Raytheon Anschütz, a business of Raytheon Technologies, together with CMN NAVAL and Sea Machines Robotics, has successfully demonstrated the ability to execute autonomous operations and remotely control the UHSI32, the world’s fastest autonomous interceptor vessel according to CMN.

The UHSI32 was stationed 6,000 kilometres away in Cherbourg, France, when it was remote-controlled from the CMN NAVAL booth during the World Defence Show last week. The collaboration showcased the UHSI32’s abilities in autonomous operations, mission execution and navigation. Visitors followed the camera videos of the ship and the live situation picture generated on large displays and could remotely control the UHSI32’s sensors and actuators using a joystick system and Raytheon Anschütz’s SYNTACS software.

“We are glad that the showcase with our partners has successfully demonstrated how we enable a common shared operating picture and extend interoperability across the fleet, including land stations and remotely-controlled vehicles,” said Dr Thomas Lehmann, head of business unit Integrated Mission Solutions at Raytheon Anschütz.

The UHSI32 combines multiple mission abilities with high-speed performance (over 45 knots) and an extended patrol period of three days. With a length of 32m and beam of 7m, its missions include maritime security, search-and-rescue, insertion, surveillance, and protection of assets at sea.

SYNTACS is a command-and-control solution that extends the integrated navigation capabilities to mission management or combat systems for small and medium platforms. It can integrate data from multiple on-board sensors and systems, compile the situational picture and provide a dashboard for tactical navigation, planning and mission execution.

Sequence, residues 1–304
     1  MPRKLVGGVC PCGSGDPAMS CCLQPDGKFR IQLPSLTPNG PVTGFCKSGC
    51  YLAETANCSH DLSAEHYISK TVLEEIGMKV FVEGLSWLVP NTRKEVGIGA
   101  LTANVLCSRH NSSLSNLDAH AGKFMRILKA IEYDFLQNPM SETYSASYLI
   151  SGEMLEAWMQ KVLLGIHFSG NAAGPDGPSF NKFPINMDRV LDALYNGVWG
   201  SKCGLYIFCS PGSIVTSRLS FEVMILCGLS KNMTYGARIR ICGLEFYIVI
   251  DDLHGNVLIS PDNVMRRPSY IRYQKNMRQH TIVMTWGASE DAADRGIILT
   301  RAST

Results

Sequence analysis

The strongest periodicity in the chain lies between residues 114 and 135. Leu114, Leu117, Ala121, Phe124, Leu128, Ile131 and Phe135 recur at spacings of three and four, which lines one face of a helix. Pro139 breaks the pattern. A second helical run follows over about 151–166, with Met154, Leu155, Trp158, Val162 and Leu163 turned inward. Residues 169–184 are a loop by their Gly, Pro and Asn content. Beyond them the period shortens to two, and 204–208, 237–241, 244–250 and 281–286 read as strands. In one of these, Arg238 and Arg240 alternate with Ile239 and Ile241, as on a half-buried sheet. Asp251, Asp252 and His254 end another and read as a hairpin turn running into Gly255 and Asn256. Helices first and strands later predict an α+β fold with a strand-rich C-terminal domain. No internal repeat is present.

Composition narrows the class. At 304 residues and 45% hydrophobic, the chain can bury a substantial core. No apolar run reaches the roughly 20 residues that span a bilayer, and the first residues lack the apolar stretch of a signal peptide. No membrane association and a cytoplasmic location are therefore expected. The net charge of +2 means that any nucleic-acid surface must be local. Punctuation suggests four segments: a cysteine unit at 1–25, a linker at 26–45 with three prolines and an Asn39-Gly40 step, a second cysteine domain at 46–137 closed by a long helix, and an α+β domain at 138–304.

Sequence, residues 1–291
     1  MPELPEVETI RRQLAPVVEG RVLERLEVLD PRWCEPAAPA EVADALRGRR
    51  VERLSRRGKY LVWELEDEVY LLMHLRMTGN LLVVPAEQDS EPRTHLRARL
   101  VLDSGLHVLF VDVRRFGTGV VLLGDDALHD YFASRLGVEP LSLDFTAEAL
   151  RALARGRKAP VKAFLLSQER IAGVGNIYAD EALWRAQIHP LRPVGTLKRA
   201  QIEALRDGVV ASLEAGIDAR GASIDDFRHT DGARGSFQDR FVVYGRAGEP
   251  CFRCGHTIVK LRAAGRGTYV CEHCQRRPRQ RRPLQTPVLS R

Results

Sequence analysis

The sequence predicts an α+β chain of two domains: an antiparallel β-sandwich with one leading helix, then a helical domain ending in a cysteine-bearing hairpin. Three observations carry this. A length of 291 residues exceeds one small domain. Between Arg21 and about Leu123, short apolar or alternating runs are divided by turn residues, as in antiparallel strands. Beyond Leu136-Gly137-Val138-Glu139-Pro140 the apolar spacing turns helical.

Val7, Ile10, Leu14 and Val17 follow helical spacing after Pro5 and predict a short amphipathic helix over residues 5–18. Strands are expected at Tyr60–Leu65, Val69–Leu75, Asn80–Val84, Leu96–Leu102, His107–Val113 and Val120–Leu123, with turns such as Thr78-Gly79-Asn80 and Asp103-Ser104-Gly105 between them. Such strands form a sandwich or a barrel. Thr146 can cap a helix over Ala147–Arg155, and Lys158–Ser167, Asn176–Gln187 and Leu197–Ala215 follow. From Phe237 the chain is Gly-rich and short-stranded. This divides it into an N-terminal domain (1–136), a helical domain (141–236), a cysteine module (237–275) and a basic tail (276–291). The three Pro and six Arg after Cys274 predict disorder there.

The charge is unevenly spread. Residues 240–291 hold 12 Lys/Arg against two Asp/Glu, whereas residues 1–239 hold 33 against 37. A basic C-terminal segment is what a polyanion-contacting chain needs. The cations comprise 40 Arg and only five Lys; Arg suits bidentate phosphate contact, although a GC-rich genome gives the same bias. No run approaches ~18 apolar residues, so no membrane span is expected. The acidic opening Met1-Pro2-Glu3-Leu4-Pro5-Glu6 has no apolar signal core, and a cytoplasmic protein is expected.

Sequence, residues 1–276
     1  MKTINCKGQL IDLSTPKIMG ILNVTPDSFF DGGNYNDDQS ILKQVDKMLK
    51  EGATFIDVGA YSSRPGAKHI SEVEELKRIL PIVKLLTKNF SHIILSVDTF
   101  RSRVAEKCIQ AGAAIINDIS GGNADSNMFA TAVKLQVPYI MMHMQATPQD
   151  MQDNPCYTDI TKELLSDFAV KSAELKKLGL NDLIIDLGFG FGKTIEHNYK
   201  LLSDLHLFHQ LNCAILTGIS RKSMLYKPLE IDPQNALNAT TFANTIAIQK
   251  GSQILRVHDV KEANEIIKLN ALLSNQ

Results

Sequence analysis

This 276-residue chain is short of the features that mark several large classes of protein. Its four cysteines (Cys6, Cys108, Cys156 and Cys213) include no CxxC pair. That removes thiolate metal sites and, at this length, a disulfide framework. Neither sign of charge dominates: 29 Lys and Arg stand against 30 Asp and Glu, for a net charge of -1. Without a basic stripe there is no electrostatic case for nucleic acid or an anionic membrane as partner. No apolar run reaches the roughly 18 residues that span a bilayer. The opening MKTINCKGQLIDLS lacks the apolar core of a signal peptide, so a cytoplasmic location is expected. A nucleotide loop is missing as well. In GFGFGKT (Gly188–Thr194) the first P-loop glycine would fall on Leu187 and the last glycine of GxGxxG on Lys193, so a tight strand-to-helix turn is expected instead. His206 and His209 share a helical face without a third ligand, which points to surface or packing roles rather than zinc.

“With its modular and innovation system design, SYNTACS is ready to handle the emerging requirements of future missions, and this includes autonomous operations,” said Dr Lehmann.

During the demonstration, the SYNTACS software was used to analyse data contacts and targets received through the UHSI32’s data links – including mission planning, tools for tactical manoeuvres, and the interfaces to sensors, actuators and effectors – and then were compiled to the situational picture in real-time. SYNTACS also operates with Sea Machines’ SM300 technology to execute autonomous operation of the UHSI32.

“The UHSI32 is the first high-speed interceptor in its class which incorporates autonomous technology,” said Fadi S Pataq of CMN NAVAL. “We will continue to collaborate with world leaders in specific fields like Raytheon Anschütz and push the boundaries of innovations in the naval shipbuilding world.”

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